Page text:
behind the news

Too Many Cooks

Celebrity chefs enjoy their media moment
June 9, 2010

There they are again, this time on the front of the Washington Post Style section. It’s the celebrity chefs, and this time they’re in service to First Lady Michelle Obama and her campaign against childhood obesity.

The latest Style section snapshot of the culinary elites preceded a larger White House gathering of chefs who are every bit as serious about school nutrition as they are about a $28 chunk of pan roasted Arctic char with orange and rosemary beurre blanc.

We are in the age of the unavoidable cook. They won’t stay in the kitchen unless someone puts a camera in there.

Chef profiles crowd the pages of city magazines such as Boston, Los Angeles, and Washingtonian. These publications track the career paths and great thoughts of chefs the way the old Sporting News used to follow All-Star shortstops.

Celebrity chefs overrun HBO’s clever Treme, though it must be said the shiny, self-satisfied chaps playing themselves in a ruined post-Katrina New Orleans are well behaved, unlike the gaggle of posturing gangsta chefs who torment waiters and rail (generally in British and French accents) on cable television.

Gordon Ramsay, for example, presides over Fox’s Hell’s Kitchen like volcanic actor Joe Pesci in Goodfellas, though in real-world terms he’s about a scary as crème brulee.

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Ramsay’s normally affable British colleague Jamie Oliver, the tousle-haired “Naked Chef,” recently took his Food Revolution on ABC to Huntington, W. Va.

The locals, having been identified by the Centers for Disease Controls as particularly pitiful examples of lard-based American consumption, handed Oliver his colander when he toyed with the school lunch menu.

“They don’t understand me,” Oliver whinged to the press, and he wasn’t talking about his accent. For the moment, the “Food Revolution” will not be televised.

Anthony Bourdain, a prominent chef and frequent author perpetually angry about something, has a new book: Medium Raw: A Bloody Valentine to the World of Food and the People Who Cook.

Check, please.

The quality of the food in this new celebrity driven universe can be left for others to judge. But there is little doubt that the publicity machinery for the “top chefs” is four-star.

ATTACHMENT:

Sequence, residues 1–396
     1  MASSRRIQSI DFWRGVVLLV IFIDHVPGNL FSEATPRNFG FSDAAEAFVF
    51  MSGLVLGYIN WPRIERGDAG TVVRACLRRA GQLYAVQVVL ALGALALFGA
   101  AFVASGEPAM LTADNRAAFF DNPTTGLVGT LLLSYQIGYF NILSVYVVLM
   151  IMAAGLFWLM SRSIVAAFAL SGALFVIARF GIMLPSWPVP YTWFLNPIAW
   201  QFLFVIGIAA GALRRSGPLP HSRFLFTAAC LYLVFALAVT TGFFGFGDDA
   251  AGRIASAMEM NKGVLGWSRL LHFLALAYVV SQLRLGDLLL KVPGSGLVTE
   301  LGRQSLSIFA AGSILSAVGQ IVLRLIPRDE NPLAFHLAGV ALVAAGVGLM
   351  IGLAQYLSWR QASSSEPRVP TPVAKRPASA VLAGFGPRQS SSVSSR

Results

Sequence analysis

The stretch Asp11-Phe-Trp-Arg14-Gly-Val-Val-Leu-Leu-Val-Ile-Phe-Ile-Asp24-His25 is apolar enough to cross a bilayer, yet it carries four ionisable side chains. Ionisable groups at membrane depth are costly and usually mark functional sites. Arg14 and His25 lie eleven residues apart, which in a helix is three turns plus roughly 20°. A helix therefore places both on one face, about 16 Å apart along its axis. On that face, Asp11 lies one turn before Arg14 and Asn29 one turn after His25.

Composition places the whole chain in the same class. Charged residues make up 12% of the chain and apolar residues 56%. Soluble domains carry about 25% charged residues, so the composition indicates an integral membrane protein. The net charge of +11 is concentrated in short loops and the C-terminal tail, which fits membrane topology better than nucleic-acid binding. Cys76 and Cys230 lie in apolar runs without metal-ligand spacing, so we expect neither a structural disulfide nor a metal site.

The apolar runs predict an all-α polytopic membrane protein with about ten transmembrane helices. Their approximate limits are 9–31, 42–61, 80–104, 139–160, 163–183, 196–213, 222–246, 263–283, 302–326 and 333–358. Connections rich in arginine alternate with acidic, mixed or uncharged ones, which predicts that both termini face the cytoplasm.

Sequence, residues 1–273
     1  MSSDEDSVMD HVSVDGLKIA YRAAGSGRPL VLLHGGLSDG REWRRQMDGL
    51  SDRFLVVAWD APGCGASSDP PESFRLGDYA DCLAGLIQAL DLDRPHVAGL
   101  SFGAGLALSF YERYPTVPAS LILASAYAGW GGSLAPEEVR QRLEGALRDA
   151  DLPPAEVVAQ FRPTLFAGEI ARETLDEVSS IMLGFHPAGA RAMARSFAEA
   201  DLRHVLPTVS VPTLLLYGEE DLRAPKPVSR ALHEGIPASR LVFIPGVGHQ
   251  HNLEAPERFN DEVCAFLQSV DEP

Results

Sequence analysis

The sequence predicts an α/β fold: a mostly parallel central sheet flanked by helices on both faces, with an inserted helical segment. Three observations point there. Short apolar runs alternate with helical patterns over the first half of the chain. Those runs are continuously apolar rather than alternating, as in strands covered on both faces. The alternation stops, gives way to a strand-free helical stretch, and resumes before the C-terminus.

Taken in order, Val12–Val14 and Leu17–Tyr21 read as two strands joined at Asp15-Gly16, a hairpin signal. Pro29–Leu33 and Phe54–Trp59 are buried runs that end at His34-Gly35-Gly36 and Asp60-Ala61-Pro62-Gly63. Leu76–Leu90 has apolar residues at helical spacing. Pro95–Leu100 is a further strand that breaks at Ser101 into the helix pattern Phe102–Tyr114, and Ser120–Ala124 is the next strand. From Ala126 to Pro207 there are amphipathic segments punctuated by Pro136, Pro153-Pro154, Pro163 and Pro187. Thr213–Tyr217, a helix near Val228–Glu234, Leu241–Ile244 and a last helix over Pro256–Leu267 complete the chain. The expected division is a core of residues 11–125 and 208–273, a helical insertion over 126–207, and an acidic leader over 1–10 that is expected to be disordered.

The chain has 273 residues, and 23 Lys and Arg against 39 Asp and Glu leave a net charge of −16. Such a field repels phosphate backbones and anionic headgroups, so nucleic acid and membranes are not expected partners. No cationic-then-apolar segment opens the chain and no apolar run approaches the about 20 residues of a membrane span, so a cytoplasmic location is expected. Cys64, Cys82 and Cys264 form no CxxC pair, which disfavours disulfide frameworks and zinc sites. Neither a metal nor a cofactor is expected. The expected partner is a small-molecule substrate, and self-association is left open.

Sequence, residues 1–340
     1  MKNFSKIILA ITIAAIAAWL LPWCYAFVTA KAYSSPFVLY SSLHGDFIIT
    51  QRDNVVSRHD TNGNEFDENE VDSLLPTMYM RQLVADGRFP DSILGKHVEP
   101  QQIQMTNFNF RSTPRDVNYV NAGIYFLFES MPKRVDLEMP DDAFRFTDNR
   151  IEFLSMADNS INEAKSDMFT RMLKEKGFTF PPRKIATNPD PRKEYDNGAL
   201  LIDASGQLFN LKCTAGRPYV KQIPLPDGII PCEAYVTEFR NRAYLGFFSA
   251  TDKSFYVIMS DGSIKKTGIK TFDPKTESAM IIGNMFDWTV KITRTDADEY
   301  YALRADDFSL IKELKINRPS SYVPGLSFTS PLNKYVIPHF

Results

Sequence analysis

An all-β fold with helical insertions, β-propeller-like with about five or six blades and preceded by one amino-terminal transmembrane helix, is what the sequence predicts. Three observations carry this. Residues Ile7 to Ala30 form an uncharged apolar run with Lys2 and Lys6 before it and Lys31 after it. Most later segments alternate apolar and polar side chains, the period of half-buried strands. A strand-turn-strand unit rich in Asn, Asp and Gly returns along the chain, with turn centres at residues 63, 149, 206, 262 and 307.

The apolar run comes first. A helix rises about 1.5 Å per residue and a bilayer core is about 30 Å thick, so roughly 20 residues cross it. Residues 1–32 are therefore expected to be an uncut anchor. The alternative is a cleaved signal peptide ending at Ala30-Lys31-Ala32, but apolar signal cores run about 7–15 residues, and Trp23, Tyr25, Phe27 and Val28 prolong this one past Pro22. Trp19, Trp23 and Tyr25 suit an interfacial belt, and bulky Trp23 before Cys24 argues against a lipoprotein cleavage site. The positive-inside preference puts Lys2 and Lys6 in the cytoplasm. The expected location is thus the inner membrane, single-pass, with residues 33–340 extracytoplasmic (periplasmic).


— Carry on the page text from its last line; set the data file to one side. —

Consider the Cleveland-based Michael Symon, one of the Food Network’s “Iron Chefs.” He has mounted a heart-healthy campaign to keep resident basketball superstar LeBron James in the greater Cuyahoga County area.

Symon announced he would cook for James and his friends once a month if the big guy would re-sign with the NBA’s Cleveland Cavaliers.

It seems like a middling incentive for James, who reportedly makes $15 million a year to play hoops and owns a $29 million endorsement contract from Nike. He could fly to Paris every week for dinner. But that doesn’t mean every news outlet from NBC to Yahoo Sports didn’t cover Symon’s offer.

The man’s a chef. Send a crew.

On May 2, Washington chef Jose Andres—one of Michelle Obama’s high-profile backers in the obesity battle—was the subject of an adoring 60 Minutes profile.

The fawning segment, which would have made Donald Trump uncomfortable, focused on Andres’s modest roots and his charitable work.

But when Andres began to feed CBS interrogator Anderson Cooper in the chef’s fashionable, six-seat “Minibar by Jose Andres” establishment, a viewer could have been forgiven for thinking the Dalai Lama had gone into the restaurant business.

“Minibar is window into creativity, that’s all,” said Andres, earning a nod from Cooper.

Last month, Chicago Sun-Times Washington reporter Lynn Sweet felt obliged to apologize to Chicago chef Rick Bayless, who had been drafted by the Obama message machine to assist in a May 19 state dinner for the president of Mexico.

It seems Bayless, demonstrating the professional modesty that characterizes his line of work, had sent a Twitter message or three about his White House culinary experience to his legions of cilantro-happy fans.

Twittering from inside the White House is in violation of some twenty-first century edict, as Sweet reported. Bayless swore on his garlic press that he did not engage in online social networking while actually on site at 1600 Pennsylvania Ave.

The whole enchilada wound up in Politico, The Washington Post, all available Chicago media, and a raft of food blogs, and Sweet opted to apologize.

The brouhaha might have been fueled by the fact that Bayless had given interviews about his bond with the Obamas and his “guest White House chef” status to The New York Times and NPR.

It’s no secret that after the gate-crashing fiasco at the Obama’s first state dinner, Bayless’s dear friends were determined to keep the gala a low-key affair until the plates were being cleared.

But in Chef World, publicity is seated at the other end of the food chain from salt: Too much is never enough.

Steve Daley is a former reporter and columnist for the Chicago Tribune.